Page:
Skip to main content

“There is no better way to soothe a child’s cries than with a lullaby.”


A thought by Leonard Sweet, (2014-02-21) from his book, The Well-Played Life: Why Pleasing God Doesn't Have to Be Such Hard Work (p. 129). Tyndale Momentum. Kindle Edition.

A couple of weekends back, my wife, Margaret and I were in Florida celebrating my mom’s 90th birthday.  It was such a very special time with our family and extended family.  I will remember the varied meaningful conversations that I had with all of the family members.

Our last night there Connie, my sister and Margaret and I had one of those very meaningful times with my mom.  At one point we were thinking of the significant times every night that Connie and I had with Mom.  Before we went to sleep we would pray together and then we would sing the lullaby, “Now I lay me down to sleep…” and Connie and I sang that together there in Clermont, Florida for the first time in over 45 years.  That was a very, very meaningful time that even now brings deep emotion to me. 

Leonard says, “Many of our most beloved nursery rhymes are plays on period fears, such as the rampage of Bloody Mary in “Mary, Mary, Quite Contrary,” or the ravage of the Black Plague in “Ring around the Rosie.” But the soothing melody of the song and lulling rhythm not only evoke endorphins but infuse a subliminal message that suggests, even during the most difficult times, we are safe within our parents’ arms. Even more so in God’s arms.” 

And our nightly sung song had one of those lines, “…And if I die before I wake, I pray the Lord my soul to take..” that some would shy away from having their children sing before they went to sleep.  But the reality is we had built within us the assurance that no matter what we would go through even the worst of times God would be there ready to take care of us.  

Thanks, mom for building within us the assurance that God loves us even as little children and will be there to take care of us.  I wouldn’t be here spiritually if it wasn’t for my mom.  God is so good.

So do you need a lullaby right now?

Comments

  1. I never really thought about nursery rhymes being based on something negative. It amazes me how we can be comforted by the soothing sound and touch of our parents. It took me a while, but I now feel that comfort from God as well. Wonderful post!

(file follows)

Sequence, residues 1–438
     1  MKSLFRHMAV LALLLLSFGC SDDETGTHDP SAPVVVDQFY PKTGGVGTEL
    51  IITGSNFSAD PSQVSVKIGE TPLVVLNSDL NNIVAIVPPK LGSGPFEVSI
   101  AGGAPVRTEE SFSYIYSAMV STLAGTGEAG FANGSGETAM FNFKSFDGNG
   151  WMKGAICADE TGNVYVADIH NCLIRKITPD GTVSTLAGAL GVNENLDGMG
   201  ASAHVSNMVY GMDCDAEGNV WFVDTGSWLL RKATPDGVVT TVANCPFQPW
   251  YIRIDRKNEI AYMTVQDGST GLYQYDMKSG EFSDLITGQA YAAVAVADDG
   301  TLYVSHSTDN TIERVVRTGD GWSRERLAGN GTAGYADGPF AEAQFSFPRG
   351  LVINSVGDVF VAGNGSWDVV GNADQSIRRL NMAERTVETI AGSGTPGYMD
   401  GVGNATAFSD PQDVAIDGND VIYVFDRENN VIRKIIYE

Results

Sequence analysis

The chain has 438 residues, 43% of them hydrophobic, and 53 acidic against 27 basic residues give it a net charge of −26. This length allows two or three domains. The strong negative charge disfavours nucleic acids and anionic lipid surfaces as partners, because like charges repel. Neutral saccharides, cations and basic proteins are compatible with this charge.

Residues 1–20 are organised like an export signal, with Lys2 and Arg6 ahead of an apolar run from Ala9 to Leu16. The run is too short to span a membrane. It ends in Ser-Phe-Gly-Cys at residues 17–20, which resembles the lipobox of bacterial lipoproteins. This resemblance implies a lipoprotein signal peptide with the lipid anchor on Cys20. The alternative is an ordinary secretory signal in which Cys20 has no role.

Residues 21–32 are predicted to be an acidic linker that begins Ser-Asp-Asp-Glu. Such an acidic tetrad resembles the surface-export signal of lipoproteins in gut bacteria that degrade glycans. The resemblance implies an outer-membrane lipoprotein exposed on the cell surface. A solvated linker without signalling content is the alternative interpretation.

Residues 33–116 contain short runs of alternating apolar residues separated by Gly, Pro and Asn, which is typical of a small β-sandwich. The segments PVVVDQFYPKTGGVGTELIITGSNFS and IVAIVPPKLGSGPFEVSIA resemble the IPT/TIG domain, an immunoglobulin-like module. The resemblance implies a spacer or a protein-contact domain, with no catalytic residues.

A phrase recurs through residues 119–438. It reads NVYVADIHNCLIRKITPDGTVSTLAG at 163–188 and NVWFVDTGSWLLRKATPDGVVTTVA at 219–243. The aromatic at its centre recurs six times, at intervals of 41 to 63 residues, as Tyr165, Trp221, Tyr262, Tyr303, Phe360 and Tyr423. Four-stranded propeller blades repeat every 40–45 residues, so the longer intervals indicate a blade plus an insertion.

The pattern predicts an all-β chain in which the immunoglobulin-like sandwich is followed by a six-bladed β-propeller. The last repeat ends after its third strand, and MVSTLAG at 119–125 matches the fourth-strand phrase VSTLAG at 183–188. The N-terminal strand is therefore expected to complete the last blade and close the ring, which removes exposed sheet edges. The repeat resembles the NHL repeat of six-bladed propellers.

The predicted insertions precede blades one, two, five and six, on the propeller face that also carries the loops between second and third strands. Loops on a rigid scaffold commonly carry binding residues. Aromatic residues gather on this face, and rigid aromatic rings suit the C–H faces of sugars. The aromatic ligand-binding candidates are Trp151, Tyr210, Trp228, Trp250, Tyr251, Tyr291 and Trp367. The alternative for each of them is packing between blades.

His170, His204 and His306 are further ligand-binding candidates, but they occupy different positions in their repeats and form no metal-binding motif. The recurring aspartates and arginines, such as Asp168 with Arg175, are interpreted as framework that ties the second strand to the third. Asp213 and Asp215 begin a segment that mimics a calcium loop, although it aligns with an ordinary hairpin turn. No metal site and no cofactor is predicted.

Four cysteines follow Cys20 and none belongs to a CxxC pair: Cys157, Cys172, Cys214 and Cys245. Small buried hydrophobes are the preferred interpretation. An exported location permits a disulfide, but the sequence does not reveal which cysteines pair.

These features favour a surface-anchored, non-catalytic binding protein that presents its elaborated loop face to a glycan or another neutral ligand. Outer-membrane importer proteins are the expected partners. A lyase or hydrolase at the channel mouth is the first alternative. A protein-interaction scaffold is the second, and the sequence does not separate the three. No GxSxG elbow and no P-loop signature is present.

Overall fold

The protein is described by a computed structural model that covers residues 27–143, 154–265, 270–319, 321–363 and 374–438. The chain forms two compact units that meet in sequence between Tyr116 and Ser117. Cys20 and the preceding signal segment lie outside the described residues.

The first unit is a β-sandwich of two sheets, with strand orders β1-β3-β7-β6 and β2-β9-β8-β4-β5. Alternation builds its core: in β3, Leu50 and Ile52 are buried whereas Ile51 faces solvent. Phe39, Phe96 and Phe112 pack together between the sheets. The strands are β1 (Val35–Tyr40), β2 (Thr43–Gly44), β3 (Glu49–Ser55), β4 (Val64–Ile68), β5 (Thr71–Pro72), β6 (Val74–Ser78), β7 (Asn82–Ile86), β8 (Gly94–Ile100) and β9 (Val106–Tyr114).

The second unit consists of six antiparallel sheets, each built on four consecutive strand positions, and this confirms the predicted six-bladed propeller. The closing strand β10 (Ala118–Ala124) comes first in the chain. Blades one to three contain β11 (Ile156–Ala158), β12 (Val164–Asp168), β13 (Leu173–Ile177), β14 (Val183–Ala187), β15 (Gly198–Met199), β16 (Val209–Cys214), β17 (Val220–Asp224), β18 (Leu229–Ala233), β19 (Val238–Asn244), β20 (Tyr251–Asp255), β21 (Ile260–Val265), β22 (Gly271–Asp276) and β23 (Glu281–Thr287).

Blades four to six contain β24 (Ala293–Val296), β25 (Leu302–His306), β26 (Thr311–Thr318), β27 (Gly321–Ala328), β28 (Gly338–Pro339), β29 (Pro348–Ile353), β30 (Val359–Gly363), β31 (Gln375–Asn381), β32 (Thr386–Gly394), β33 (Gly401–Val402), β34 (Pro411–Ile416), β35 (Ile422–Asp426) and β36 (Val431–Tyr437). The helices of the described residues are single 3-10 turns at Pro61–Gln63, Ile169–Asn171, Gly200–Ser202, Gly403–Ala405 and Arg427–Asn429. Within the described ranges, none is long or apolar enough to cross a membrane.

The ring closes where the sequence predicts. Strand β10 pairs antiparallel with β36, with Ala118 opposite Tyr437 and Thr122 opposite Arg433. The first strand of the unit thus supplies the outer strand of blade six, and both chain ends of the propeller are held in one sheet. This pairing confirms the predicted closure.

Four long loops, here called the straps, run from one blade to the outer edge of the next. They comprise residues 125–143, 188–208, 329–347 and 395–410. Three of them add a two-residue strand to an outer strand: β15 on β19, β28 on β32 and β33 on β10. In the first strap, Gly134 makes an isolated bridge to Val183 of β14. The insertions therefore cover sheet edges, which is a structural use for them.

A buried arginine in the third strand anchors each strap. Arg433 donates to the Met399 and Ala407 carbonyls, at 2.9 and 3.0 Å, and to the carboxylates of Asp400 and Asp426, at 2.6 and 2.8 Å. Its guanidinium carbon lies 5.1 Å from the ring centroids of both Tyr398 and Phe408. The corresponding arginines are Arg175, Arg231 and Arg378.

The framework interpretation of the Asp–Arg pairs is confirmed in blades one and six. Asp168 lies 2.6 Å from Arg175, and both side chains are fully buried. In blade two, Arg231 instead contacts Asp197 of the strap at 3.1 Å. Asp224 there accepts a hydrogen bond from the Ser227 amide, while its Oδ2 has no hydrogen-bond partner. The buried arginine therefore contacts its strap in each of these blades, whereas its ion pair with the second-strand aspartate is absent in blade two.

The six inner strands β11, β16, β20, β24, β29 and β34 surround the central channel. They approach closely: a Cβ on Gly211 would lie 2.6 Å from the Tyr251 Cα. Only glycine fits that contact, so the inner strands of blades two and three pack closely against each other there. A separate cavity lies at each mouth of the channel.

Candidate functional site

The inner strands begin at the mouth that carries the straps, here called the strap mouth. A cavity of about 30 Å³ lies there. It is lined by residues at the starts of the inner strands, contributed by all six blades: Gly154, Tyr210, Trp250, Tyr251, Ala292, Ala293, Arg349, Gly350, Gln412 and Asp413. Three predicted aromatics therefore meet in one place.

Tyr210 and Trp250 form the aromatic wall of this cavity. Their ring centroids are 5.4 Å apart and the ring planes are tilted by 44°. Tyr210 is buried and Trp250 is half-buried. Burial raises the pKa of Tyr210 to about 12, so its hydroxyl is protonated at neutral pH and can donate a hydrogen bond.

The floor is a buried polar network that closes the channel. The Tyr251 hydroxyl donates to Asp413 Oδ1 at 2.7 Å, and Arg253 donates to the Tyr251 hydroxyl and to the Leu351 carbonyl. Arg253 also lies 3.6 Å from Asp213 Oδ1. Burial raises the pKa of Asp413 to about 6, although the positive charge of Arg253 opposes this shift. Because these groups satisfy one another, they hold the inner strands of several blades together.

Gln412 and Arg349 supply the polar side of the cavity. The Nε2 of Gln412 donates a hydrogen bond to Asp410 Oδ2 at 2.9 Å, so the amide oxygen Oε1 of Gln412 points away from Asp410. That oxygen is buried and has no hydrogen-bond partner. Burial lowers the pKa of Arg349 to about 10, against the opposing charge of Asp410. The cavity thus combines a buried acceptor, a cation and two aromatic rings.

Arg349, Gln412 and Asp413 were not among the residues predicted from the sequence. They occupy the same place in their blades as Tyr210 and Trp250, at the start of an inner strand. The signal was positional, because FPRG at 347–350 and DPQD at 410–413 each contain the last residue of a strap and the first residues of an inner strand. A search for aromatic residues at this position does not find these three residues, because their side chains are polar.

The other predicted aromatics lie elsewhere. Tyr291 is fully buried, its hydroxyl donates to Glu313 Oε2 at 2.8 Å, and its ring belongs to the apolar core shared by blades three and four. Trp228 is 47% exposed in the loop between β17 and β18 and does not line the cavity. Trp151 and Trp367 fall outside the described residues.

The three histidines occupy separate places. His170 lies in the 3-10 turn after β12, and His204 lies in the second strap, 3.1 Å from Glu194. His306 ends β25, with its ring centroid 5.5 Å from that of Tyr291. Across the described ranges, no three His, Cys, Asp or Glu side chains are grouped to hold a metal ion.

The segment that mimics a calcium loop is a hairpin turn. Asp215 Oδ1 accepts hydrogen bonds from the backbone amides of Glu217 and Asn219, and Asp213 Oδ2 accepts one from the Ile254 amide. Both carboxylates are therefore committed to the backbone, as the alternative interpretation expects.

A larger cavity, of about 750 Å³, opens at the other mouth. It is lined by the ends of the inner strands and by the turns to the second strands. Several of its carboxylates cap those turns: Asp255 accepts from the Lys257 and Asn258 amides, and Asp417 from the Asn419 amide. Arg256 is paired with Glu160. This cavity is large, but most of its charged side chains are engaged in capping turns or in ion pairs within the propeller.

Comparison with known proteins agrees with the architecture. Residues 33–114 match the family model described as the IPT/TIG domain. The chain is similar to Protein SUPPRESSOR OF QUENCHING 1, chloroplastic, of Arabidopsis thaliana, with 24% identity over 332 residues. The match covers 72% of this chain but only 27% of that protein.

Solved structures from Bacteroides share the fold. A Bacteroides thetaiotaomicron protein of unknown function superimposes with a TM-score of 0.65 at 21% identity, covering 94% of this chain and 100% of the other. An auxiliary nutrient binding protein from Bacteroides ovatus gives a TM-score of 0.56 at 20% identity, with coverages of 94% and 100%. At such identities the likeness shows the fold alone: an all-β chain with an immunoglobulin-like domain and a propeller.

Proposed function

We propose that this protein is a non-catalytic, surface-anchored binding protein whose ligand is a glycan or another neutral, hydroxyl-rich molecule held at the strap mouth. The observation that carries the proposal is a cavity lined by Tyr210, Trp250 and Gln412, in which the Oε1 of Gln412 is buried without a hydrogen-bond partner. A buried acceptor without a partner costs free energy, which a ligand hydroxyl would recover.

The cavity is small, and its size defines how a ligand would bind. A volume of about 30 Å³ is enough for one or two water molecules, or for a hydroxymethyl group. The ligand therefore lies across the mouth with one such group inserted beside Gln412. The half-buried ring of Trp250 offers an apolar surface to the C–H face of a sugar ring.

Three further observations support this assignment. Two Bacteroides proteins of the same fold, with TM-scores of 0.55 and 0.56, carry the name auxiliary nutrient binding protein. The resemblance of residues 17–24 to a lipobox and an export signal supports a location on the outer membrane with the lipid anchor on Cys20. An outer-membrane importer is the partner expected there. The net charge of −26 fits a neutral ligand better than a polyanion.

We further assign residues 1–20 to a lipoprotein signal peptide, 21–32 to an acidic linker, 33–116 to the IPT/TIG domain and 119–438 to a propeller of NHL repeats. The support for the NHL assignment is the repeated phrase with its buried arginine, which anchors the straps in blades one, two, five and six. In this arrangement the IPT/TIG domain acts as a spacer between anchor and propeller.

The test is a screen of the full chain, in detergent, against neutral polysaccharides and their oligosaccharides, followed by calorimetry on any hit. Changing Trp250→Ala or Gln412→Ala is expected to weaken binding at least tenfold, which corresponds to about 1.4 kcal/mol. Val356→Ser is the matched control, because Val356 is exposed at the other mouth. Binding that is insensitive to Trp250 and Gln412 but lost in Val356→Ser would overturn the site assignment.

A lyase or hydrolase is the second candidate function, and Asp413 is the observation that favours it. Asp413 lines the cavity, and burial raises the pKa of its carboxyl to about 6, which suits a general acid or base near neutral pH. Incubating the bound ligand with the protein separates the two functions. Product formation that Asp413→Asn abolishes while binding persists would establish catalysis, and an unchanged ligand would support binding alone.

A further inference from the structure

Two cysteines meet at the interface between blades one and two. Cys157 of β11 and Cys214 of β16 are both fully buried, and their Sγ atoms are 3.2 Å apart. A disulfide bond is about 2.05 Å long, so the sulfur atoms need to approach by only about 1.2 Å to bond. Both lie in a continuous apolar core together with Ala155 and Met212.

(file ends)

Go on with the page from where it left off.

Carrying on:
ReplyDelete
  2. Thanks, Jamie for the read and the comment.

    ReplyDelete

Post a Comment

Popular posts from this blog

"When human babies are born, we have only two natural fears: the fear of falling and the fear of loud noises."

A thought by Craig Groeschel (2012-04-24) from his book, Soul Detox: Clean Living in a Contaminated World (p. 143). Zondervan. Kindle Edition.

We only have two fears from birth so where did all those other fears that hold us back come from?  That’s a good question, a very good question.  Determining that could go a long way to conquering your fears and potentially those that you influence around you.  For instance, if you are a parent your kids may take on those same fears.

Craig says that our adult fears basically fall into four categories:  The fears of loss, of failure, of rejection and the fear of the unknown.  I’m sure you can see how each one of those could limit what you do in life.

Some would say that fear is the opposite of faith but Craig disagrees with that.  He says, “The way I see it, fear actually relies on faith — it’s simply faith in the wrong things. Fear is placing your faith in ‘what-ifs’ rather than in ‘God is.’ It’s allowing your imagination to wander down a long…

“There’s a big difference between building a castle and building a kingdom.”

A thought by Bob Goff from his book, Everybody, Always: Becoming Love in a World Full of Setbacks and Difficult People (p. 41). Thomas Nelson. Kindle Edition. (Click on the book title to go to Amazon.com to buy the book.)
Have you ever built a sand castle or maybe a Lego castle?Have you?
Bob says, “We actually build castles all the time, out of our jobs and our families and the things we’ve purchased. Sometimes we even make them out of each other. Some of these castles are impressive too. Lots of people come to admire what we’ve built over the course of our lives and tell us what great castles we have. But Jesus told His friends we weren’t supposed to spend our lives building castles. He said He wanted us to build a kingdom, and there’s a big difference between building a castle and building a kingdom.”
Bob goes on, “You see, castles have moats to keep creepy people out, but kingdoms have bridges to let everyone in. Castles have dungeons for people who have messed up, but kingdoms have g…

“Contingent contentment turns us into wounded, worried people.”

A thought by Max Lucado from his book, Anxious for Nothing: Finding Calm in a Chaotic World (Kindle Location 1422). Thomas Nelson. Kindle Edition. (Click on the title to go to Amazon.com to buy the book.)
Here’s the problem.Max says, “You assume, If I get a car, I’ll be happy. You get the car, but the car wears out. You look for joy elsewhere. If I get married, I’ll be happy. So you get married, but your spouse cannot deliver. If we can have a baby . . . If I get the new job . . . If I can retire . . . In each case, joy comes, then diminishes. By the time you reach old age, you have ridden a roller coaster of hope and disappointment. Life has repeatedly let you down, and you are suspicious that it will let you down again.”
Have you found that so?If you have there needs to be a change in your focus for contentment.
Max later says, “Christ-based contentment turns us into strong people. Since no one can take our Christ, no one can take our joy. Can death take our joy? No, Jesus is greater …